What’s one of your favorite make-up-a-life moments?

Love Letter to My Soul Friend

We don’t meet people by accident. They are meant to cross our path for a reason.

One of my closest and dearest friends is a woman more than 20 years my senior. When I was drinking out of a bottle (and I don’t mean Boones Farm) and wearing diapers, she was already married with children. It was unlikely our paths would cross in friendship.

But they did. As fate would have it, 16 years ago we were simultaneously taking a yoga class and psychic development class together. From the moment we met, it felt like we’d been best friends forever.

She is one of the few people I can be completely myself around. No matter what I say or do, she doesn’t judge me. In fact, often it’s the opposite; she understands and cheers me on. What a rare gift this is in a world filled with people who feel it’s their duty to judge.

Our conversations, which take place everywhere from bookstores to coffee shops to her kitchen island, tend towards deep. We contemplate topics like the direction yoga is going in this country (downhill, we feel), and why the government is trying to kill us by allowing GMOs and other questionable ingredients in our food sources.

She is a friend who, when she answers her phone, I can launch immediately into a topic without offering a greeting, and she responds without missing a beat. We talk most mornings while I make the long commute to work, and sometimes on my way home, often as she’s walking her beloved rescue dog.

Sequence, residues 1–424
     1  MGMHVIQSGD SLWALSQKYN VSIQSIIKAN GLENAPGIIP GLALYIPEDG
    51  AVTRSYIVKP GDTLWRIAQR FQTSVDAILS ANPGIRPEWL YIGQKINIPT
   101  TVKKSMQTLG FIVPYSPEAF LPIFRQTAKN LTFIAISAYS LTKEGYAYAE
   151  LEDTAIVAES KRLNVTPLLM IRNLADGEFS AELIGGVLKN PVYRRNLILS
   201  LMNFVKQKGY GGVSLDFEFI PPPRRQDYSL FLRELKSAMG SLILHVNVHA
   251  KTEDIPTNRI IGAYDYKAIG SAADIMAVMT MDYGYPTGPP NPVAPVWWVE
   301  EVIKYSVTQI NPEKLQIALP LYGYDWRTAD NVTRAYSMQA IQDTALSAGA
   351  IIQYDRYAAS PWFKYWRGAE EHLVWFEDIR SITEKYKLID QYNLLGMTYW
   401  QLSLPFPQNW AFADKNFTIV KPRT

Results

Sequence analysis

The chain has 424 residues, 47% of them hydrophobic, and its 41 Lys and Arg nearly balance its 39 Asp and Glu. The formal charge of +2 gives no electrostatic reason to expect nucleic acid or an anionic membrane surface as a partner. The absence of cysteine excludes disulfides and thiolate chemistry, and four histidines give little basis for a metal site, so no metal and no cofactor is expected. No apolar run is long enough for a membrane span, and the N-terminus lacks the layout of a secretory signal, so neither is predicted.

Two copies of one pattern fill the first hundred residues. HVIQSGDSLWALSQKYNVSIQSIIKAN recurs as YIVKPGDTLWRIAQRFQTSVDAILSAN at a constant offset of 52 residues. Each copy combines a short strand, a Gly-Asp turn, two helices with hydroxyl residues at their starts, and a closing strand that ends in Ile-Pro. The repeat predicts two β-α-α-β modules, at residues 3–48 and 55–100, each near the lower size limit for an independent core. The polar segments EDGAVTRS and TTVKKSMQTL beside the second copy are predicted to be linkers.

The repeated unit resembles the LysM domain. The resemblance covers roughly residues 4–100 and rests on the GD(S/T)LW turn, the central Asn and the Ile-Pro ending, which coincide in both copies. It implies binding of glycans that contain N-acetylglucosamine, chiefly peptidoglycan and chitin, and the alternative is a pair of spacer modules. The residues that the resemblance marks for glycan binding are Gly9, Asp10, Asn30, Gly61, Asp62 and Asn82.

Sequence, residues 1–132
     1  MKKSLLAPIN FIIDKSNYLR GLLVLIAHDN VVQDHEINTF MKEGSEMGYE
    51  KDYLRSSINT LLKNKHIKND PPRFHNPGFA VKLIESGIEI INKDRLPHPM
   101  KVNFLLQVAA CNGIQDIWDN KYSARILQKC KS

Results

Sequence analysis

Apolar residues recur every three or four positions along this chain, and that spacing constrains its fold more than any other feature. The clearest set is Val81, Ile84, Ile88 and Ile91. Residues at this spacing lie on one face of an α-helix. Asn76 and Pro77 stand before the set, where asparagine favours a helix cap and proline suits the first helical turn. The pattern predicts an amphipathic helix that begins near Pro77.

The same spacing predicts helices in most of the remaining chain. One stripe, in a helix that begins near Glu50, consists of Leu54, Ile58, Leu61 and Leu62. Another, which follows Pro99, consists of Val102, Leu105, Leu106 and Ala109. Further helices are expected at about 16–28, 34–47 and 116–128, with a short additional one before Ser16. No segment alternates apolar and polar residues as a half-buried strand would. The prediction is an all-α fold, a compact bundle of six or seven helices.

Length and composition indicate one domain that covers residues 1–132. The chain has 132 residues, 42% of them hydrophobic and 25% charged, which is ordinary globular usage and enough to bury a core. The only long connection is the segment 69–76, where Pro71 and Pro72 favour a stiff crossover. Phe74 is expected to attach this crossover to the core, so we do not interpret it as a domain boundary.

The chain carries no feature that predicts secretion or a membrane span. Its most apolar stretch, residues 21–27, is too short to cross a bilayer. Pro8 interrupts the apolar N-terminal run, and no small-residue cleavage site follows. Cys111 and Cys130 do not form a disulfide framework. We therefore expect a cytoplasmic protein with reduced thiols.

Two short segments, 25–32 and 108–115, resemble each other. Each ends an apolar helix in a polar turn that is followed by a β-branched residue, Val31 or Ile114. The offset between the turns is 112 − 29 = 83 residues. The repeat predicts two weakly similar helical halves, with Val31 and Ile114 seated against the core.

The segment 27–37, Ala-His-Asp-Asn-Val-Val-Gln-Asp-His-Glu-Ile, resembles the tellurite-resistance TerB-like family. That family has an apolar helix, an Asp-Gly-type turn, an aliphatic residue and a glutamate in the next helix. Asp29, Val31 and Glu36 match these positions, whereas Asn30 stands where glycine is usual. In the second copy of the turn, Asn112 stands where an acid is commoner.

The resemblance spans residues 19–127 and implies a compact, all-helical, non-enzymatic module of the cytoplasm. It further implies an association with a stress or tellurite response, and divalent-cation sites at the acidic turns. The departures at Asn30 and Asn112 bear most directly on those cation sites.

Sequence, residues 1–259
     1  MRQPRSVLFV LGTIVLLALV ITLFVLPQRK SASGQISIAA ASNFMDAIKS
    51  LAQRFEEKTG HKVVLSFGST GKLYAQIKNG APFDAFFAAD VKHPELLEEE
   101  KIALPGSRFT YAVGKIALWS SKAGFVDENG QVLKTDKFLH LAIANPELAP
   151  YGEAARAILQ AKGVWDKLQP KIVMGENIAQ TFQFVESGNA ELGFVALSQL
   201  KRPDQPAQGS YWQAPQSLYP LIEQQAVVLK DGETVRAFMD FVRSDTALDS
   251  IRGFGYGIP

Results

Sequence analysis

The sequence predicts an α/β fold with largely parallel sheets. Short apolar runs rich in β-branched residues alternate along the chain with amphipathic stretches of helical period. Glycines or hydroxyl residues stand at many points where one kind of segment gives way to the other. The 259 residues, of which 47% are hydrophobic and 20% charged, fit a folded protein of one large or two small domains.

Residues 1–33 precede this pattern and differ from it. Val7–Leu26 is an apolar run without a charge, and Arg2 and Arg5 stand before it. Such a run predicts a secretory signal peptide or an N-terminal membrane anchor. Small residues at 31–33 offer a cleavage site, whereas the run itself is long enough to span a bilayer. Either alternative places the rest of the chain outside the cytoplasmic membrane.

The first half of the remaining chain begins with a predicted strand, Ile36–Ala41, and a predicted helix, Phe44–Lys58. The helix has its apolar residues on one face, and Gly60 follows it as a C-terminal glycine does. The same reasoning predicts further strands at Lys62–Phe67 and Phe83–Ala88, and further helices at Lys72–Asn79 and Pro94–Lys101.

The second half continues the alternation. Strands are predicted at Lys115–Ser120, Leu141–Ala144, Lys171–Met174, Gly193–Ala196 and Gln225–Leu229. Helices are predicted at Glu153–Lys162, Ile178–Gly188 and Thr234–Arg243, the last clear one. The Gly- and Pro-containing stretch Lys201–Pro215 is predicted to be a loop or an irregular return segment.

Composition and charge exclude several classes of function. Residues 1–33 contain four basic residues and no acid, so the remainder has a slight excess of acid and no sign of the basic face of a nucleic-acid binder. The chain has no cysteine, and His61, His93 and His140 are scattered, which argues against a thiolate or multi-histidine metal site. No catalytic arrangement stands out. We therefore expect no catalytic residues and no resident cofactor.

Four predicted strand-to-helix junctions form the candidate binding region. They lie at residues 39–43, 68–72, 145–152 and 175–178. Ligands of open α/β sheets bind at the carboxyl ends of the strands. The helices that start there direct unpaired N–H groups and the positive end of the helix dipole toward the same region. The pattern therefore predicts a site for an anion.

We’ve had amazing adventures together. Ten years ago we completed a year-long yoga teacher training, during which we’d take spontaneous day trips to places like New York City to try out a yoga class. Once we signed up for a meditation class , befriended the instructor, and two years later were invited to Boston to visit her guru who was visiting from India. What a wild ride that was.

My friend is a woman who does what she wants, says what she wants, who thinks for herself, and doesn’t apologize for who she is – the good, bad, and ugly. When I was younger, I would sometimes find her outspokenness and honesty borderline brash. Now that I’m entering mid-life, I understand the intolerance for bullshit, the need for authenticity, and the value of being direct, even if it rubs someone the wrong way. Truth often does.

I’ve always valued our friendship, but the past year and a half my friend has become my role model, and in many ways my hero. Watching her lovingly and tirelessly care for her husband as he died of cancer was nothing short of breathtaking. Seeing the way she’s moved forward without him, navigating the new territory of widowhood with grace, dignity, and courage has inspired me. She has shown me that it is possible to keep living even after great trauma, pain, and loss.

When one hears the term “soul mate” it usually conjures up images of the perfect romantic partner. I think soul mates can also be great friends, people who were put in your life to share a unique journey with you. It’s all the better when that person is older and wiser than you, with life experience to share.

To that end, my friend is my soul mate, a true gift from God. I look forward to our continued adventures together.